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Goodbye caviar, hello tater tots

You might be the sort of person who thinks nothing of booking off fortwo weeks to trek through the Andes, hire a bush pilot to drop you offin remote Alaska, or spend a couple of lost weekends with the Ladyboyson Sukhumvit Street in Bangkok. Be warned that once you start a family,that part of your life is over, and when it comes time to book planetickets for your next vacation, you’ll discover the rules have changedcompletely.


You might be the sort of person who thinks nothing of booking off for two weeks to trek through the Andes, hire a bush pilot to drop you off in remote Alaska, or spend a couple of lost weekends with the Ladyboys on Sukhumvit Street in Bangkok. Be warned that once you start a family, that part of your life is over, and when it comes time to book plane tickets for your next vacation, you’ll discover the rules have changed completely.

It’s hardly worth pointing out that, unless you’re accustomed to travelling with a caravan of support staff and supplies, your formerly adventurous destinations are the stuff of memory now. Anywhere you’re going will have to be safe and clean, with running water and regular sanitation and access to meals falling into one or more of the following food groups: Pablum, popsicles, breakfast cereal and tater tots. Additionally, as much as you might have enjoyed visiting obscure little museums and walking aimlessly for hours in the antique quarter of a city with Roman foundations, you might have to switch your destination to some place with a well-appointed aquarium with trained seal shows several times daily and a Build-A-Bear outlet.

Even the getting there is going to be different from now on. You might have been the person who could bolt for the exits upon arrival with nothing but a shoulder bag with your book, snacks and iPod, but you’ve been transformed into the harried group struggling down the aisles to your seat with several overstuffed carry-on bags full of toys, books, snacks and extra clothes, in addition to a laptop bag loaded with episodes of Spongebob Squarepants and multiple headphones and a Dora the Explorer doll that will bleat out inanities in Spanish throughout the flight to the visible annoyance of the retired engineer in the next seat.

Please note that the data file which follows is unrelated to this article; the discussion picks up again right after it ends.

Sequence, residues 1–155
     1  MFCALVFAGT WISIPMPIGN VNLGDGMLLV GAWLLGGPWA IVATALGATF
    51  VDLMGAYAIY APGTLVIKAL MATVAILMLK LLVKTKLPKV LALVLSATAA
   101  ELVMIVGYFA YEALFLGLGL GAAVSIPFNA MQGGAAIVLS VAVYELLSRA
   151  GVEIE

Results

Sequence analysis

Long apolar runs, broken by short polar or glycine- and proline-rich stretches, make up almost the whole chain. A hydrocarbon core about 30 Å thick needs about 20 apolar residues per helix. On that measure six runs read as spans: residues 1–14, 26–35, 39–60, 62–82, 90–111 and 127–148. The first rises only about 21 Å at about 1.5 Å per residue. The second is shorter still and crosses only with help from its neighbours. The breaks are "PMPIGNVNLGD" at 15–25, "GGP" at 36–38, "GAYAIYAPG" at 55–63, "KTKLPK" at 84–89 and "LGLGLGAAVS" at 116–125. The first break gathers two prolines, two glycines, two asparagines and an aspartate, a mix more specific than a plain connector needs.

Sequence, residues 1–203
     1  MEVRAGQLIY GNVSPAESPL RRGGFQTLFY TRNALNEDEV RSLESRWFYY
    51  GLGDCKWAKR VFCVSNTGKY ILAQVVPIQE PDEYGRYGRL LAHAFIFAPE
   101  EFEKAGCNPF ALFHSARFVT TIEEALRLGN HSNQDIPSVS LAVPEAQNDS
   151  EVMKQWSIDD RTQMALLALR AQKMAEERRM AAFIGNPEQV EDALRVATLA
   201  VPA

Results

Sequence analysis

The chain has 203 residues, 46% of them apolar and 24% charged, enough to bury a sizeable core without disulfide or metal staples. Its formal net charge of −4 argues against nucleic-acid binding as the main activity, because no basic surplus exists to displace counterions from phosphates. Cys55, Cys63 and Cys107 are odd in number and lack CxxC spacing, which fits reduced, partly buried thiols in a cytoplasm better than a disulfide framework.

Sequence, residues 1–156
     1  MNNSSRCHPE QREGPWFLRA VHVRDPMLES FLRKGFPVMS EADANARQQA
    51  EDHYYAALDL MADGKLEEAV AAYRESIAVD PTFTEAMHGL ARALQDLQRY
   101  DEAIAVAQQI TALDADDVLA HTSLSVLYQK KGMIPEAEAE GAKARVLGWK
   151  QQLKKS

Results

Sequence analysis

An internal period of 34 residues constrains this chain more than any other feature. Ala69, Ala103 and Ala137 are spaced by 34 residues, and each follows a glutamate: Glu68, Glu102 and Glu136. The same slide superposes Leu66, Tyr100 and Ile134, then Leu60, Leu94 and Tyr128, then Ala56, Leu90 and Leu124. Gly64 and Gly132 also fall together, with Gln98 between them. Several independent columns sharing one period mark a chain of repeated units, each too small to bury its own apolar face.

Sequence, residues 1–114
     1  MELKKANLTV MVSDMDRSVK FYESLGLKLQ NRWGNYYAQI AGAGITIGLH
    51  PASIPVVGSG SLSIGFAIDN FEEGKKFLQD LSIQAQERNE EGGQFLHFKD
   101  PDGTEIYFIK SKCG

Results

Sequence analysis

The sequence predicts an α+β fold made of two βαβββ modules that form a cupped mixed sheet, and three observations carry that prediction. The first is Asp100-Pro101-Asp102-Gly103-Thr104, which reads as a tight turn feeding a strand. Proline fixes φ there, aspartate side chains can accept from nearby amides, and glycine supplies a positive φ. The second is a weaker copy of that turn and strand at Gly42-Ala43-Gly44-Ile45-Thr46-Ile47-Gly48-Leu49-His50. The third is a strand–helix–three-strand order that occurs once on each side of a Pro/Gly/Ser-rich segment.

Most airlines will let you get by without purchasing a separate seat for children under two, but saving money on that extra seat for a couple of years is offset by the certainty that, for the whole of the flight, one or both of you will be holding a child that will eat, sleep, play and fill its diapers while sitting in your lap. You will also be up close and personal when your child explosively regurgitates the strained peas and Cheezies you’ve been feeding it during a bumpy descent in a poorly pressurized Airbus. (I’m painting this scenario from a still-very-vivid memory.) With this inevitability in mind, dress accordingly; I’m thinking gore-tex or PVC. Something washable. With a garden hose.

Once on the ground, there will be no more charming pensions or bed and breakfasts; you’ll be looking at hotel chains like Delta, with long experience in housing families, and reasonable rates for suites where your offspring can sleep while you unwind with hotel cable. That’s right, unless you’re willing to trust your children to sitters provided by your hotel — people who don’t have parents you know personally, for example, and can browbeat when you notice half a bottle of Pernod missing — there’s no more sunset dinners by the harbour to end the day.

Until they either develop your stamina or obsessions, your style will be cramped, but console yourself with the thought that this isn’t forever, and one day, when they’re away at camp or college, you’ll be able to return to the hash bars of Amsterdam or the drag shows in Phuket. Just be prepared for the chance that you’ll run into your kids there, and practise acting shocked in the hotel mirror just in case.

 
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